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There's a New 230,000 Pounds of Thrust Rocket Engine in Town, Miranda Will Power Antares

Despite being perhaps the pinnacle of human ingenuity and imagination, space exploration is a relatively conservative business, at least in one respect: once it's proven something works, the industry tends to stick with it.
Miranda rocket engine hot fire test 6 photos
Photo: Firefly Aerospace
Antares rocketAntares rocketAntares rocketMiranda rocket engine hot fire testFirefly Aerospace MLV
What that means is that, for instance, good rocket engine designs tend to be around for a long time. You need look no further than the most recent rocket design coming out of America: the Space Launch System (SLS) of the Artemis Moon exploration program uses for its core stage engines called RS-25.

It's the same type of design that was deployed on the now defunct Space Shuttle – in fact, it's not only the design that was reused, but some of the engines that have flown Shuttles before are now part of the most powerful Moon rocket ever.

At the same time, space exploration has picked up an incredible pace, and that means not everybody relies on old tech. Not when there are countless startups now doing business in this field.

One alliance developing new rockets and every piece of tech that comes with them is the one between Firefly Aerospace and Northrop Grumman. The two are working on two new designs, the Antares 330 and the Medium Launch Vehicle (MLV).

Each of these two space vehicles will be powered at least in part by a new kind of engine developed by Firefly. Called Miranda, the family of rocket powerplants just went through its first major test.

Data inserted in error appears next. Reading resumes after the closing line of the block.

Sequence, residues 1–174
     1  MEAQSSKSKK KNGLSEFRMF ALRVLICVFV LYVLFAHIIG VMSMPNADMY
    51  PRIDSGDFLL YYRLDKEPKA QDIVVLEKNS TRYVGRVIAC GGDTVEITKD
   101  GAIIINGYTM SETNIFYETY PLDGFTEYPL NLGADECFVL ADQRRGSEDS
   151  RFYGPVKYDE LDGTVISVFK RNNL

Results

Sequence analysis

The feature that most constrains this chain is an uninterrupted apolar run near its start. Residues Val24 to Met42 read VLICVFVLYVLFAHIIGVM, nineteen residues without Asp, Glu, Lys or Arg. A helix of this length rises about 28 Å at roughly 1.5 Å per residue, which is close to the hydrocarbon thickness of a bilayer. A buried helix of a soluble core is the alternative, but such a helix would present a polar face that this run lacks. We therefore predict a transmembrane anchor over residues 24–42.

That would be the engine's first hot fire test, a procedure that took place just one year after the two companies tied the knot. The procedure was used to validate the powerplant's "startup sequence, transient conditions, and tap-off engine architecture."

Miranda is described as "the fastest propulsion system we've built and tested to date," according to Firefly. One example is powerful enough to develop 230,000 pounds of thrust.

Seven of them will go into the first stage of the upgraded Antares 330, making for a total of 1.6 million pounds of thrust. The rocket will be used to send ten tons of cargo to the International Space Station (ISS). The first flight of the piece of hardware is scheduled for mid-2025.

The MLV, on the other hand, considered the evolutionary successor to the Antares launch vehicle, will fly for the first time later that same year. Its second stage will use a single Miranda vacuum engine.

The MLV is designed to transport 16 tons of cargo to low-Earth orbit, inside a 5-meter class customizable payload fairing.

Before it gets to do all that, Miranda will have to undergo some further testing. Up next on the agenda is a full-duration hot fire test, putting its components through their paces for a total of 206 seconds. Firefly does not say when we are to expect this test.
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About the author: Daniel Patrascu
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Daniel loves writing (or so he claims), and he uses this skill to offer readers a "behind the scenes" look at the automotive industry. He also enjoys talking about space exploration and robots, because in his view the only way forward for humanity is away from this planet, in metal bodies.
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